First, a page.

Monday, April 11, 2005

President's Column - Sermon on the Hill

I’m sure most of you have your favourate drunken story. A time when you have drunk so much that you have lost all comprehension of what you are doing. A time when you lost all inhabitations and acted in a way that was completely out of character. A time when you may have even put your life, or maybe someone else’s, at risk.

My personal favourate was before I moved to Wellington, and was attending a 21st at a bar on the Auckland waterfront. Someone thought it would be a great idea to buy a bottle of Bacardi for the ferry trip from Devonport. Of course, I drank more than my fair share and ended up passing out during the speeches. I was dragged out of the bar by the bouncer, apparently putting up little resistance. Obviously not in my best frame of mind, I decided that I would try and sleep it off, so lay down underneath KZ-7, and fell asleep. In the rain. I was woken up shortly after by some friends and two members of the local constabulary, and bundled into a taxi home – all before about 9:30pm.

I have certainly learnt my lesson, and haven’t touched Bacardi since. Even the smell of it make me sick (this made 18 months working behind the bar at the Backbencher difficult).

I was lucky that night. Most of my friends looked after me, and I know I have returned the favour for many of them. I have bundled drunken friends into taxis, hidden friend’s car keys, and cleaned up several ill-timed vomits in the early hours of the morning.

Some people, unfortunately, aren’t so lucky. Many people are left to fend for themselves, often ending up passed out on the side of the road, behind the wheel of a car, or doing something equally regrettable and damaging.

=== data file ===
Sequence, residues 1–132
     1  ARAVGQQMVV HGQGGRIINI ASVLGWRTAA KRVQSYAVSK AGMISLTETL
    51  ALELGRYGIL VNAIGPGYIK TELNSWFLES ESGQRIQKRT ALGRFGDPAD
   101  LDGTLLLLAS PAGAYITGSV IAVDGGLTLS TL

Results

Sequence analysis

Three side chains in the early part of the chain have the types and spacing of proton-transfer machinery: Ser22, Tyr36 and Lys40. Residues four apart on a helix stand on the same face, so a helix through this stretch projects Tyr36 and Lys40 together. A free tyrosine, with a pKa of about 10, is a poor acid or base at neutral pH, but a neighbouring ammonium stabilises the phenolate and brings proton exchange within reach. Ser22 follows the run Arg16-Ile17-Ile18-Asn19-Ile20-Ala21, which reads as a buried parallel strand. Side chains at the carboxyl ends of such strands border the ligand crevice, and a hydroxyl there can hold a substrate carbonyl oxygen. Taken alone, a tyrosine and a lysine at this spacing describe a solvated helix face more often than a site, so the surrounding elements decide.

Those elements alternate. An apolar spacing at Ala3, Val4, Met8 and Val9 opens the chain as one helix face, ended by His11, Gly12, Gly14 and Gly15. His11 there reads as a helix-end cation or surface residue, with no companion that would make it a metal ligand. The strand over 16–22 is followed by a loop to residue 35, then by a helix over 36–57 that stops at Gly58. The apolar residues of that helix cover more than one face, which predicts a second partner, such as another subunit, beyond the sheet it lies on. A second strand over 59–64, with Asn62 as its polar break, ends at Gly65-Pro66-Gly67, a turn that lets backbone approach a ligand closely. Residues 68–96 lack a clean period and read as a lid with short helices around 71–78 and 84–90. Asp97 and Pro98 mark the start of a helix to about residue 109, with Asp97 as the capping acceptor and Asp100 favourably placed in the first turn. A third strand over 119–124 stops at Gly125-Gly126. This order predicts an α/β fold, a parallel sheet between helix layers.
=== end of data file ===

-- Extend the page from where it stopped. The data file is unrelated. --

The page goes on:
Last year the Alcohol Advisory Council of New Zealand (ALAC) released a report on student drinking habits. The report concluded that:

“University life may actually promote drinking among students. Drinking has been described as intrinsic to the student culture and more defining feature of tertiary study academic work itself.”

Alright, hands up whose surprised? I certainly wasn’t. I don’t think anything has really changed from when my parents were university aged (neither my father or mother attended university, as such, but you catch my drift). Maybe slightly more students drink because the drinking age have since been lowered, but, to be honest, I found it more difficult to buy alcohol legally as an 18 year old, than I did illegally as a 17 year old.

However, it is a different story with a report released this year regarding the drinking patterns of New Zealand. As you have probably seen from the television advertisements, drinking in New Zealand is a major problem. You may think the advertisements are almost as lame at the Victoria University “Makes You Think” ads, but how many of you have thought “shit, I’ve been in that situation. I know what that feels like”.

According to the later ALAC study, “450,000 of us were binge drinking on our last drinking occasion”. That’s the population of the Wellington Region (that’s everyone between Island Bay and Paikakariki). This costs between $1 billion and $4 billion worth of harm. This costs the public health sector $655 million. This costs $1.17 billion in lost productivity. That’s real figures.

ALAC is not proclaiming that everyone stop drinking and preach “any tub-thumping evangelism about the evils of drink or the perils of getting drunk”. It simply asks that people own up to their drinking habits and take responsibility. To watch out for their friends, and keep them out of harms way. To not drink so much that they don’t remember what happened the next day.

Next Wednesday night, I will be joining the Mayor, and members of the University Management on a “Tertiary Alcohol Trek”, organized by the Hutt Valley District Health Board. This will start at midnight, and head down the paths that students take to and from town. We will be trying to highlight areas which could be harmful for students who are drunk.

We don’t want to frighten you out of having a good time. We simply want to make it safer for you to have a good time.

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